The former deputy PM says the Tories have thrown away their record of leadership on the continentby Alex Dean / February 4, 2019 / Leave a comment
Britain’s departure from Europe is owned by the Conservative Party. It was a Tory PM who called the referendum in 2016 and another will likely implement the result. The most vocal Leavers are found on the Tory benches, some of whom literally view the EU as a hostile foreign power. Yet it was not always so. It was a Conservative leader, Harold Macmillan, who first sought British membership of the European Communities, another who took us in (Edward Heath), and another who pioneered the single market (Margaret Thatcher).
Michael Heseltine has watched the saga unfold for the better part of a century, having joined the party at 18 when Churchill was leader. As an MP he rose to cabinet rank under Thatcher and later played a part in her downfall, before climbing to deputy PM under John Major—though he never got the top job. Famously a passionate pro-European, Heseltine has roared back to life since the referendum and now makes withering interventions in the Lords. At 85 he remains an impressive performer.
When I caught him on the phone he told me how the Conservative Party helped build Britain’s place in Europe. So what changed, I asked him. And was it now trashing its own legacy?
“I remember Neville Chamberlain announcing the Second World War, so I have lived through all the circumstances that in modern terms explain the European movement… you have to appreciate the devastating effect of the war on the British position as leader of the Empire and Commonwealth.” The response was delivered in the familiar Heseltine drawl. “The country required a massive rebirth industrially and commercially, which involved a reorientation… it is a great tribute to the Conservatives that they faced the pain of these adjustments and told the truth about them, and reoriented Britain’s position into realism with our European relationships.”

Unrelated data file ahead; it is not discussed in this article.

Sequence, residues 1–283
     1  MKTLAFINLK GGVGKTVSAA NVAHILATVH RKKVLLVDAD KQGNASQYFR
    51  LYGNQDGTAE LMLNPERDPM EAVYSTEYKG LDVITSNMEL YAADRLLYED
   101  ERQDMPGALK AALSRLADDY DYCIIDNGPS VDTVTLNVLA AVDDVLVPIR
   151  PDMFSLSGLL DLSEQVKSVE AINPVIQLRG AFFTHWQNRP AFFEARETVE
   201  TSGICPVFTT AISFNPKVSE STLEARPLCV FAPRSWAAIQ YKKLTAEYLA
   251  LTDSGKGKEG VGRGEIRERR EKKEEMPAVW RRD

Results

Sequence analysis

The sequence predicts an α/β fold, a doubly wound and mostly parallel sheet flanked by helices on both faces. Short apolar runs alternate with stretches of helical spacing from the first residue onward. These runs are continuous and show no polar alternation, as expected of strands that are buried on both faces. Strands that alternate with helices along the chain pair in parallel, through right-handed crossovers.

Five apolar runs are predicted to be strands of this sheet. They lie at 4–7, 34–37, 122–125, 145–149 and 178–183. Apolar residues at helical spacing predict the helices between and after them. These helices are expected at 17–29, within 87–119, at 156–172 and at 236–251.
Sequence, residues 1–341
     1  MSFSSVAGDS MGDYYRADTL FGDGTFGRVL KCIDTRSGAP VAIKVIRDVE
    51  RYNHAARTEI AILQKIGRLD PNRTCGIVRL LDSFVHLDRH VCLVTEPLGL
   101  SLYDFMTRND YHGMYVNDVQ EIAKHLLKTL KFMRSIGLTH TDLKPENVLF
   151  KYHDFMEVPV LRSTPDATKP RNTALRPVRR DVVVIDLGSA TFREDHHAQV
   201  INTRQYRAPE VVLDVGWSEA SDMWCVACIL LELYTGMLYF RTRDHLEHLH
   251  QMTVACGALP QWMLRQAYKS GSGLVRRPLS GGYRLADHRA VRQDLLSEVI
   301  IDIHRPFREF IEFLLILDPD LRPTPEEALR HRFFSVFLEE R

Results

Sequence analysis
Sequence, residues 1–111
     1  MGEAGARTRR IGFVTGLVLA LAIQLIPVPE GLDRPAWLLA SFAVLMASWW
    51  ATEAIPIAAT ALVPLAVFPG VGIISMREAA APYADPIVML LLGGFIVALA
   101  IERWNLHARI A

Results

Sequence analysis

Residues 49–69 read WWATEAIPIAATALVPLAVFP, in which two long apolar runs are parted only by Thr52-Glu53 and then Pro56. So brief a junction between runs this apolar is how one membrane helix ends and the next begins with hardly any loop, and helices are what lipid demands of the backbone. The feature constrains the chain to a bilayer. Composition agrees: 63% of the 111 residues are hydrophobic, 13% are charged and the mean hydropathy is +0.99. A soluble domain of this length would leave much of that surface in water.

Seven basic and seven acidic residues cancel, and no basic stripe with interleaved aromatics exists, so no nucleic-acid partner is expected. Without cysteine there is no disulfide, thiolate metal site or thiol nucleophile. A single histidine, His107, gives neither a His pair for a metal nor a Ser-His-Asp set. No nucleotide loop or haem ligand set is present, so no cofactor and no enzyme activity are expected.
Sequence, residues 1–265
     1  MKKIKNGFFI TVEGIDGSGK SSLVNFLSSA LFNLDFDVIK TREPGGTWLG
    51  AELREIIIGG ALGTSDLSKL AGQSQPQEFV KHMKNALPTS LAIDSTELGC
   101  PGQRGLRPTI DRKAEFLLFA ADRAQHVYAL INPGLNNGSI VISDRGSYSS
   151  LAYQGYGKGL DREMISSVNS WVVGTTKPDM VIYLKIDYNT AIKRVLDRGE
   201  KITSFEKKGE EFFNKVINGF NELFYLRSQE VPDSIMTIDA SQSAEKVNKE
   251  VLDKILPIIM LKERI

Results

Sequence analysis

It was not until the start of the 1960s that Britain formally asked to join the European Community, which then comprised six countries. A Conservative PM, Harold Macmillan, took the lead. He “had a vision that Britain should take its place within the logic of the European family,” Heseltine said. The bid was unsuccessful, but by 1972 another Conservative, Edward Heath, had secured a British spot at the top table. This was ratified with the 1975 referendum. Of course “once we went into the European communities, over time it became the European Union and changed from being just a…